The insurance of aviation risks has historically developed from the marine market as a distinct class of business. Much of the terminology and practices of the aviation market derive from the marine market and therefore need to be understood by reference to the equivalent terminology and practices of the marine market although there are differences between them, not least, that the marine market is governed by the codifying statute, the Marine Insurance Act 1906, whereas there is no similar statute governing the non-marine market (which includes aviation). The normal market practice is to insure risks in comprehensive terms in what is sometimes called an "All Risks" cover which is then cut down by exclusions; the excluded perils are then covered by more specific insurance contracts or extension clauses according to the needs of the relevant assured. There are no doubt market reasons for adopting this approach, not least to assist the structure of rating risks.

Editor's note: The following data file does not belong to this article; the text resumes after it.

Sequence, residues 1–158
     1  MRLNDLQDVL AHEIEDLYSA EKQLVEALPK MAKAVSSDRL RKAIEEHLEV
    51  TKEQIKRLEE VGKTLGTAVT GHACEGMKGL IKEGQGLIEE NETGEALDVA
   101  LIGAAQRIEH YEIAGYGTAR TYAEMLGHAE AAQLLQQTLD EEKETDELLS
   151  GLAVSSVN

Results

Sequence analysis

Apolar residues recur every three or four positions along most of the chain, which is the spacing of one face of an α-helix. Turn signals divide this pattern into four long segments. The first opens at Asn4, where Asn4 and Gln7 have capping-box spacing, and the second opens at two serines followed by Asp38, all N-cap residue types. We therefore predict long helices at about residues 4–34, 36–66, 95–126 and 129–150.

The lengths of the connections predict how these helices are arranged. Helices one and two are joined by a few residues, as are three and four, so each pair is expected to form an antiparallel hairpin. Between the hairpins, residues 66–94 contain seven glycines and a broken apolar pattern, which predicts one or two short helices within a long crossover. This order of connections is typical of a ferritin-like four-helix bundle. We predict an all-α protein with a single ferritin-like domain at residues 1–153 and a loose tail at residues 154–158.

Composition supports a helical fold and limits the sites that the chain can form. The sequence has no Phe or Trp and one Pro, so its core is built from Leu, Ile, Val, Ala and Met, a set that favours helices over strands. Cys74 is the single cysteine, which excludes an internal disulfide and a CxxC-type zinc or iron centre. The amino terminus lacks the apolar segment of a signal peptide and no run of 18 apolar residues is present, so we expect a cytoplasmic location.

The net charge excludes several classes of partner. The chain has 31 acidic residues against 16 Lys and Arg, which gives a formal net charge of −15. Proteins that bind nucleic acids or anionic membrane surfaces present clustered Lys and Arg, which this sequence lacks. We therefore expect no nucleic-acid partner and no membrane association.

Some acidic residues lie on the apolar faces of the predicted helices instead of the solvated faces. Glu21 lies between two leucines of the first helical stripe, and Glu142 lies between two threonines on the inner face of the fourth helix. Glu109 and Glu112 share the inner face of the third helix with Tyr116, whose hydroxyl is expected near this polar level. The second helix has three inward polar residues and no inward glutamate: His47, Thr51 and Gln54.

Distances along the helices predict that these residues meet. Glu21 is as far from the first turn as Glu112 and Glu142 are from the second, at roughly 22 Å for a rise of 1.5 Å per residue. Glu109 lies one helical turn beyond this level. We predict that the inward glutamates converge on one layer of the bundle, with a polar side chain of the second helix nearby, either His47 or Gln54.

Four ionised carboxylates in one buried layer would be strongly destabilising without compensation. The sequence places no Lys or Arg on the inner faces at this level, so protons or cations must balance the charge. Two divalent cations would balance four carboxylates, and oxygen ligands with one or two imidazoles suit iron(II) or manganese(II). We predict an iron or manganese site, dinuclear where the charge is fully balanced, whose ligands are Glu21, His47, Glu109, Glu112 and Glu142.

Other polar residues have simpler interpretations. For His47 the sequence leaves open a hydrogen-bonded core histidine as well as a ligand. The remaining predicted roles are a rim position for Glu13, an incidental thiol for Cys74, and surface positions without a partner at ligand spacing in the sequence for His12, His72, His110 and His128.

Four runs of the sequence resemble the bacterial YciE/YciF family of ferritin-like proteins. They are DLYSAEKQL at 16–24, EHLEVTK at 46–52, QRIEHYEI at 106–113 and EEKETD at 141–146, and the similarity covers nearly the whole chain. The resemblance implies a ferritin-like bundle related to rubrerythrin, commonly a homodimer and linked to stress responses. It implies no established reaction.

An example of this approach in the marine market is the treatment of war risks. Historically the "S G" policy (as scheduled to the 1906 Act) covers war risks but these risks are then excluded by the standard "FC&S" clause. This led to the practice in the market of insuring war risks defined as being the risks which were excluded by the FC&S clause. This approach over the years gave rise to many disputes many of which could have been avoided had a more direct approach been adopted. The historical approach has been departed from in many sectors but its influence is still to be observed in the contracts which your Lordship's House has to consider on the present appeal.